• At her heaviest, Ashlee weighed 215lbs, and she found herself unable to keep up with her children, Liam, seven, and Declan, two
  • In 2019, she decided to undergo a vertical gastric sleeve surgery, which cut her stomach size by 80%, and forced her to eat tiny portions 
  • After her recovery, she transformed her diet and took up regular exercise, and she has since lost 70lbs

An obese woman who used to gorge herself on donuts and tacos for

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SKIN CARE
Hawaii’s Next Wave of Natural Skin-Care Brands

It is not altogether surprising that Hawaii is at the forefront of our current golden age of natural skin care, in which botanical face oils and mushroom-infused elixirs abound. Few places on Earth contain such a diversity of plant species, and Hawaiians have been using this bounty — including nutrient-rich varieties such as hibiscus, coconut, ferns and kukui nuts — as a source of nourishment and healing for generations. Indeed, plants have been prized on the islands since the first millennium A.D., when the ancient Polynesians arrived by canoe, bringing with them life-sustaining crops such as taro, breadfruit and sweet potato. And though centuries of colonization have done their best to erode this deep-rooted connection to the natural world, it has endured. In fact, for many of the founders of the latest wave of Hawaii-based skin-care lines, using locally sourced botanical ingredients is simply common sense, part of a reciprocal,

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HEALTH
Doctors in Birmingham plead for public help to ‘keep people alive until the vaccine is here’

With intensive care units filling fast and COVID-19 case numbers surging across the state, doctors and public health workers in Birmingham asked Alabamians to take the virus seriously and be as cautious as possible and limit the size of Christmas celebrations.

“I want to make a plea to the community,” said Dr. Mark Wilson, Jefferson County health officer, in an online press conference Friday with doctors from the University of Alabama at Birmingham. “We’re in the holiday season. We understand that sacrifice is needed for success.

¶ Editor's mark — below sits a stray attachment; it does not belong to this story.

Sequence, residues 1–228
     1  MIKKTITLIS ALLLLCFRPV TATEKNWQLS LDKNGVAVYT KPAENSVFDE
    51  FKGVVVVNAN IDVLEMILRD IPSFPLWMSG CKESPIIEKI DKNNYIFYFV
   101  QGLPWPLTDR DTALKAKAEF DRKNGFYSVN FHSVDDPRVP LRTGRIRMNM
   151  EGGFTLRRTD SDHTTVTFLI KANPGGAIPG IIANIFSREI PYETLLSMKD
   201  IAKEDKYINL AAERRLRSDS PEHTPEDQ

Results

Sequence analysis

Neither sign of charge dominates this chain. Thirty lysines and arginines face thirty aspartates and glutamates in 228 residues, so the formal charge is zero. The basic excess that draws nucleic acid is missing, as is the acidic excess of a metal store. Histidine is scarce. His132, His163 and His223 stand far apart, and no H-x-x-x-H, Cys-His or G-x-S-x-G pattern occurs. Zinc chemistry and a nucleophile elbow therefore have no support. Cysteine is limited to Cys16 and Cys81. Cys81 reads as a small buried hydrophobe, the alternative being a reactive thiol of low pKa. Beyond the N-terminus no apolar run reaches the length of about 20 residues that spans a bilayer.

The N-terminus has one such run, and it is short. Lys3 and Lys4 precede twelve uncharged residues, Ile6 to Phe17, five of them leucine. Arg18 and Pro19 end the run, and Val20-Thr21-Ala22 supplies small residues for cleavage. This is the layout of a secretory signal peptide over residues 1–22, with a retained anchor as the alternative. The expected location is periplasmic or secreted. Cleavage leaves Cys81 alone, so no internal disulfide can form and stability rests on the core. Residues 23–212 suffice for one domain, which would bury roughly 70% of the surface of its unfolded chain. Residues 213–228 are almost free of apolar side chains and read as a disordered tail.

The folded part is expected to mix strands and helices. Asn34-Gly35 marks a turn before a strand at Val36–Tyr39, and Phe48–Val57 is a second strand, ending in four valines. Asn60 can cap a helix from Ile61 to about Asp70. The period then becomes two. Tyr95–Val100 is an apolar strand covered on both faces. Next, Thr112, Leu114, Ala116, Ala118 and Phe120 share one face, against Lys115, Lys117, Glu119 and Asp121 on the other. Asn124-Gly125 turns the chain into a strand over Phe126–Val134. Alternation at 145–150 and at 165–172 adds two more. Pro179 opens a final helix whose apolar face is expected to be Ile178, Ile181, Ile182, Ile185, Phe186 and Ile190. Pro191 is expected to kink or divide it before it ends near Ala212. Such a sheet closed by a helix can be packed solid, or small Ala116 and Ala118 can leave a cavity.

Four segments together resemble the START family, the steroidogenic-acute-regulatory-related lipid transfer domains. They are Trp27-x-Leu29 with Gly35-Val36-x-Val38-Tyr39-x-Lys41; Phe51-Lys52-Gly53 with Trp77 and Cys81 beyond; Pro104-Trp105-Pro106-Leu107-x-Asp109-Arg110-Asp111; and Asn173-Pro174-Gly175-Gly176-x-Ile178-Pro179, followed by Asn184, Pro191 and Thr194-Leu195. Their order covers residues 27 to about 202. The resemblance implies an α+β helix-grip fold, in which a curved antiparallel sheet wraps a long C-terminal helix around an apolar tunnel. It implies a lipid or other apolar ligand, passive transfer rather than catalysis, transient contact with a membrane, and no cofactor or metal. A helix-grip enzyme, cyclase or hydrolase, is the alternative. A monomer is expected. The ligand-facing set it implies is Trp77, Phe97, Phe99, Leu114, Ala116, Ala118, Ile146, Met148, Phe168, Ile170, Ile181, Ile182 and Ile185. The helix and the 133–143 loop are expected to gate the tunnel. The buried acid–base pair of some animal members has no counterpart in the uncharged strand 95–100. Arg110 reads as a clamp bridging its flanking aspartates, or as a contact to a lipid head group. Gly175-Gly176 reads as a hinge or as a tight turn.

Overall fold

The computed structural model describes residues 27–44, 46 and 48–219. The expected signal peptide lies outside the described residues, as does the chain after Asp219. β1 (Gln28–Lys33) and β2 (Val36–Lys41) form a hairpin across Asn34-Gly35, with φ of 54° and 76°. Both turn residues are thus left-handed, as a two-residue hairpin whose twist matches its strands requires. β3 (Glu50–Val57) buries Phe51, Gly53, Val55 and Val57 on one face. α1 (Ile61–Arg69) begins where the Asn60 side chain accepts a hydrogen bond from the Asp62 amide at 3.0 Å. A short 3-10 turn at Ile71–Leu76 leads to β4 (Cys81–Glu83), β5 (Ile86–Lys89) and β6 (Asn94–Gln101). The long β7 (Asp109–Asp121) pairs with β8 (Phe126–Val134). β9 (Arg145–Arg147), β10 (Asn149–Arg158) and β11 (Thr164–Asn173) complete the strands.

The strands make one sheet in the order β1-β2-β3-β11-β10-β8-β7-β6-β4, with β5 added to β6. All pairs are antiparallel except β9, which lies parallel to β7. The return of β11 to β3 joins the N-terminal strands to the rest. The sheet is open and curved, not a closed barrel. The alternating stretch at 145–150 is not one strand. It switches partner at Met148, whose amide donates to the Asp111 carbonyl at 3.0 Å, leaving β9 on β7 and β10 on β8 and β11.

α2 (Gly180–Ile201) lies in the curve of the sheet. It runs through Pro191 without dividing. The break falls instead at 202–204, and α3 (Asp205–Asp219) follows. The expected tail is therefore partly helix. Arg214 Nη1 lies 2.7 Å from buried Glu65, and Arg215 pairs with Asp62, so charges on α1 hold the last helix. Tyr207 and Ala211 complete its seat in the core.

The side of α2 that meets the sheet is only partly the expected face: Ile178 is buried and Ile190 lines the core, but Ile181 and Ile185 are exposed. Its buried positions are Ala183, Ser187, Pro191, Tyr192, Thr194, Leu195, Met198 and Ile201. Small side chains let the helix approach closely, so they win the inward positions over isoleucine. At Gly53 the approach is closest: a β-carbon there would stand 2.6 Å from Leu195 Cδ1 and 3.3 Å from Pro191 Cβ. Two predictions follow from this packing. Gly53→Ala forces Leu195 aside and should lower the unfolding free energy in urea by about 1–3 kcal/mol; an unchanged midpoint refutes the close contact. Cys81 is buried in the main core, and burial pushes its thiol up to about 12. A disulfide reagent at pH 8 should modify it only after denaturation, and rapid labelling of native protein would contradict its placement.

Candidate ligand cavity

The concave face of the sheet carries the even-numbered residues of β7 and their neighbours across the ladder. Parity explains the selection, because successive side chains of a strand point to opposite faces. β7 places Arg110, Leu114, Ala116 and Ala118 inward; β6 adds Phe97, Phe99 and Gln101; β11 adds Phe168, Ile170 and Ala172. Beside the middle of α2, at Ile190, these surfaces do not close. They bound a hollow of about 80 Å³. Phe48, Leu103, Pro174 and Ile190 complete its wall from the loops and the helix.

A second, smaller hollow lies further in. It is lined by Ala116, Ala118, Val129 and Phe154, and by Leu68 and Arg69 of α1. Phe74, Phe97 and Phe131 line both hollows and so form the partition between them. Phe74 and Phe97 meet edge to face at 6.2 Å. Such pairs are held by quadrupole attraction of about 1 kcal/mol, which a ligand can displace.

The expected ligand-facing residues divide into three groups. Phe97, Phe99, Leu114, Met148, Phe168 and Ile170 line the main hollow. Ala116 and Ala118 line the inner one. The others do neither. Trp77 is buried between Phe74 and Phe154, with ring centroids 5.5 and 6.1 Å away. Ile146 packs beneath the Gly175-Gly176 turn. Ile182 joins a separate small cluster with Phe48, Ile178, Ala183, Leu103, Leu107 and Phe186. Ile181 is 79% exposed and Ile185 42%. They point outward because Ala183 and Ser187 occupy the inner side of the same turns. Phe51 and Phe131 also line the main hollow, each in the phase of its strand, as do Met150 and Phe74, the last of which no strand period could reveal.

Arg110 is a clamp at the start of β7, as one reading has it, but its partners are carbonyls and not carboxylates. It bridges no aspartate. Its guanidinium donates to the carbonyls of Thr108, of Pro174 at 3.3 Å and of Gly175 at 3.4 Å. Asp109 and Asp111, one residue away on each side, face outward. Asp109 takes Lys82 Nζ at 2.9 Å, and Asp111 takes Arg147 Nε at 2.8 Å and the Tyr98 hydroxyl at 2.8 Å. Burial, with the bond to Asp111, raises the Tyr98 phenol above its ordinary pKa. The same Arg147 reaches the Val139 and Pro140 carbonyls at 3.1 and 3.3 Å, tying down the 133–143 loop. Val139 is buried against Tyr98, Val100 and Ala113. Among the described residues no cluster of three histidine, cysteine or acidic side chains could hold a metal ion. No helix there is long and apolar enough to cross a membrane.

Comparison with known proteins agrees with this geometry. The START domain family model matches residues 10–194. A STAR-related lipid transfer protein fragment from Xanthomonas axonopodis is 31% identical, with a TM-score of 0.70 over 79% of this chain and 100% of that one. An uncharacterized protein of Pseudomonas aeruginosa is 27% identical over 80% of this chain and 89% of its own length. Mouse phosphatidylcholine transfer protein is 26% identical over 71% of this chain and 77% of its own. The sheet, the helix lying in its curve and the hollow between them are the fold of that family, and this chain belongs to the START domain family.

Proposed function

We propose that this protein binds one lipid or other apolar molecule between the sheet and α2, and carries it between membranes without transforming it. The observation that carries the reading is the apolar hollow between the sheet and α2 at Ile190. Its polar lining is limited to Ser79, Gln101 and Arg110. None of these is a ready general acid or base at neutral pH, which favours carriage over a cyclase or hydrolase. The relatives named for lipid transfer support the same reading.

“This year, I ask that you make just one more sacrifice. Please have a Christmas celebration with family just inside your household.”

On Wednesday, the Jefferson County Health Department reported that there were only 13 available ICU beds in the county. The Alabama Hospital Association on Thursday reported that only 7 percent of ICU beds were available statewide, and none in Montgomery.

Wilson said

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HEALTH
VA Announces Plan for COVID-19 Vaccine Distribution


As vaccine supplies increase, additional veterans will receive vaccinations based on age, existing health problems and other factors that increase the risk of severe illness or death from COVID-19. The vaccines will be offered at no cost to all service members enrolled in VA health care, it said.

“VA is well prepared and positioned to begin COVID-19 vaccinations,” said VA Secretary Robert Wilkie in a press statement. “Our ultimate goal is to offer it to all veterans and employees who want to be vaccinated.”

‘Herculean effort’

The VA submitted an order for 73,000 doses of the Pfizer vaccine and an additional 122,000 doses of the Moderna vaccine to be distributed once it has authorization from the Food and Drug Administration.

“It is not an adequate amount,” said Richard Stone, M.D., executive in charge at the VA’s Veterans Health Administration at a recent Senate hearing. “This will be a long process